Possible Way Forward for India

It seems that the NCLT and NCLAT have stayed the termination of contracts even in cases where non-insolvency default has occurred. Therefore, in order to avoid similar arbitrary judgments in future, a clear provision under IBC to provide certainty and balance contractual rights with IBC is an absolute necessity. The author believes it is desirable that while invalidating ipso facto clauses, various safeguards are provided to counterparty that protect its interests under IBC. This will ensure that neither CD nor the terminating party suffer in the hands of inequitable law which favours one of them entirely. These safeguards may include following:

  1. A provision may be made for a conditional stay rather than a complete stay on termination of a contract. A stay on termination should operate unless the Committee of Creditors makes a beneficial arrangement for counterparty such as payment on an ongoing basis or prioritizing the payment as CIRP cost in the resolution plan.

  2. An exception of significant financial hardships just like in Canada and Singapore may be added. However, a tough test for proving this ‘significant financial hardship’ has been adopted in a Canadian case of the Toronto Dominion Bank, according to which, the determination of ‘significant financial hardship’ must be objective which shows the prejudicial nature of the ongoing contract quantitatively.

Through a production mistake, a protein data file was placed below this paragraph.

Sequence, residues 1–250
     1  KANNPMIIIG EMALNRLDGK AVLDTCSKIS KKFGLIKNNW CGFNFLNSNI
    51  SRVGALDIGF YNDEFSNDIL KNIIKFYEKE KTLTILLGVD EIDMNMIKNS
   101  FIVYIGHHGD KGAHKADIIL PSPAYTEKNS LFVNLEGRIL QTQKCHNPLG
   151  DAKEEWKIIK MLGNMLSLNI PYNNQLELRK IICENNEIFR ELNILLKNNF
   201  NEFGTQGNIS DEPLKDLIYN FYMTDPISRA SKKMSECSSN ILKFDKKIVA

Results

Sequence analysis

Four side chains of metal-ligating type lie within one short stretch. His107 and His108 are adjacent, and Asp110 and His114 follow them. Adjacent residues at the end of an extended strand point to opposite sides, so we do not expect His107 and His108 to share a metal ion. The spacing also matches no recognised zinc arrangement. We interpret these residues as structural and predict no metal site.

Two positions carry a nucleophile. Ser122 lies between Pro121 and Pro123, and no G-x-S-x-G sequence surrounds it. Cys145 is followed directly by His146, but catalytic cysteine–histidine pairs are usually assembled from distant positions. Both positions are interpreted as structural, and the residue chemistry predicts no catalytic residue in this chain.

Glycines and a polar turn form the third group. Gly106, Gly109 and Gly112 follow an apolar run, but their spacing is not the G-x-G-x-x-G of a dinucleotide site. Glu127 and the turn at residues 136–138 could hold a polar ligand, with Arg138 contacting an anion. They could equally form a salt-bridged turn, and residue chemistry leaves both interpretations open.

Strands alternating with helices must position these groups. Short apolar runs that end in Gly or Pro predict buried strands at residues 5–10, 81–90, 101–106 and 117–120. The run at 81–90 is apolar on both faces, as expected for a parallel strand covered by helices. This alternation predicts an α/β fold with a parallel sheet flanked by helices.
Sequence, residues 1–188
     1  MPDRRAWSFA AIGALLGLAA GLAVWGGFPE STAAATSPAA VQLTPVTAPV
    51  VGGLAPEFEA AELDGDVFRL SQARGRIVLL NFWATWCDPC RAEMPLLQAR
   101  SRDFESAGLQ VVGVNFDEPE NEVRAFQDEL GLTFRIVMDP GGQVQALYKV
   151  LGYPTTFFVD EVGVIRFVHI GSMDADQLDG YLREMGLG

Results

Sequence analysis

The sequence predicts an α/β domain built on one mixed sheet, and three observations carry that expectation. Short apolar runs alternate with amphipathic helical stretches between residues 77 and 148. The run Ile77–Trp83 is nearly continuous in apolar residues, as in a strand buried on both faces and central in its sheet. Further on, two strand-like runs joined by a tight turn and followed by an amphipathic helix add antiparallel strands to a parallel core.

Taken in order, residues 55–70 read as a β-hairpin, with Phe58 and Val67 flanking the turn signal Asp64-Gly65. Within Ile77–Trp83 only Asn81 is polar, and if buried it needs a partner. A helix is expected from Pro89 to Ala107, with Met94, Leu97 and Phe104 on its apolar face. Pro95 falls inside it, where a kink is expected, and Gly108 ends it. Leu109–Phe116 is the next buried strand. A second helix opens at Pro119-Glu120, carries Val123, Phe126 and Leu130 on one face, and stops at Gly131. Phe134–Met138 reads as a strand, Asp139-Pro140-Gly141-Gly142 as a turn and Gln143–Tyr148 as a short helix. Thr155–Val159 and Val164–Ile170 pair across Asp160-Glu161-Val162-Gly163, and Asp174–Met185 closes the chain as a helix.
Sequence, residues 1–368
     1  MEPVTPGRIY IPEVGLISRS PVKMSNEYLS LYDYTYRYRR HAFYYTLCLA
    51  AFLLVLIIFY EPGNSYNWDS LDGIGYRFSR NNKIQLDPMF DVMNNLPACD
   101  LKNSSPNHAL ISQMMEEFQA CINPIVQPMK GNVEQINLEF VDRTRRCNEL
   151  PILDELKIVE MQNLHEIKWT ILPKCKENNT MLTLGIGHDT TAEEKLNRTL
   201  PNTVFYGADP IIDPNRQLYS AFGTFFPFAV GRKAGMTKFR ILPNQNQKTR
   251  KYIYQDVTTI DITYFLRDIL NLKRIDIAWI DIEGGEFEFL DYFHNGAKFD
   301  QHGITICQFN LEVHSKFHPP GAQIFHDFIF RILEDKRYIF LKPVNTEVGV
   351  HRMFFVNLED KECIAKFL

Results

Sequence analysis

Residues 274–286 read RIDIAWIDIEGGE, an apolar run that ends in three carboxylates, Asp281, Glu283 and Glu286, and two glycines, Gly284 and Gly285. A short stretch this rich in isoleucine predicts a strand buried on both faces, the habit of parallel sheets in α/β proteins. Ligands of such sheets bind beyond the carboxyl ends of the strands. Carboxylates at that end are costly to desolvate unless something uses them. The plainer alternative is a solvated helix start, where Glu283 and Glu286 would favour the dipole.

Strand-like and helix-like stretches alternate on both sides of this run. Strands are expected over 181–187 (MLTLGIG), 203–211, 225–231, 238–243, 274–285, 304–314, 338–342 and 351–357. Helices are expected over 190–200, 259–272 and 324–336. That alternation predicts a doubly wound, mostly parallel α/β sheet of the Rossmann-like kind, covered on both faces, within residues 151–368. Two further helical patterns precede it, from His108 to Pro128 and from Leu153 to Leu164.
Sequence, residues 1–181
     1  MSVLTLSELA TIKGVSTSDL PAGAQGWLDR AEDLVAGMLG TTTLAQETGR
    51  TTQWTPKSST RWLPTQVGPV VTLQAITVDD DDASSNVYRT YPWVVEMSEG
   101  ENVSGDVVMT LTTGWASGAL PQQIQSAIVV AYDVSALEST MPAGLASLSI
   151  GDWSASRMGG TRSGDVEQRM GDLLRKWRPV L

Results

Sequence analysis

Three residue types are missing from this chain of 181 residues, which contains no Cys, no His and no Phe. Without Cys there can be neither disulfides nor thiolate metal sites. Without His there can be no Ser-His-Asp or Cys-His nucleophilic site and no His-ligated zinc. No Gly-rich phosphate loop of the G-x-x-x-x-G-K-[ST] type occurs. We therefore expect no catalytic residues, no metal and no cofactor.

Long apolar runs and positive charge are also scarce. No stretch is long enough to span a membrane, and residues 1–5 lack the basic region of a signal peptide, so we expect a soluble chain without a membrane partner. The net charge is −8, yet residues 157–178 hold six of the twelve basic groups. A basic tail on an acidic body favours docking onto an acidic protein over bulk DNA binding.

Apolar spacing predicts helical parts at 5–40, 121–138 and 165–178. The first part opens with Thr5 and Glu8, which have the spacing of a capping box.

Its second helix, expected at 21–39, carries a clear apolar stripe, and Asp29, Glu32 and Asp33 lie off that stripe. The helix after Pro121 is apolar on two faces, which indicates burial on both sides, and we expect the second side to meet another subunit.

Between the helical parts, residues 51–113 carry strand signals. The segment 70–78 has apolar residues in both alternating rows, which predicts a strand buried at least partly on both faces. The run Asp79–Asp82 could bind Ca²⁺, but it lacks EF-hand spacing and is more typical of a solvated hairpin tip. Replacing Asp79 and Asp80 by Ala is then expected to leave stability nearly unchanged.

3. The termination of a contract based on other non-insolvency default such as non-payment of dues, non-performance of contract etc. should not be restrained. Even the SC in Gujarat Urja Case made this clear.

In conclusion, a complete restraint on the use of ipso facto clauses to terminate a contract during insolvency proceedings will lead to unreasonable encroachment of party autonomy. Counterparty would be locked into an unfavourable contract which will even affect its own financial condition. Therefore, a need for balanced legislation should be acknowledged by the parliament.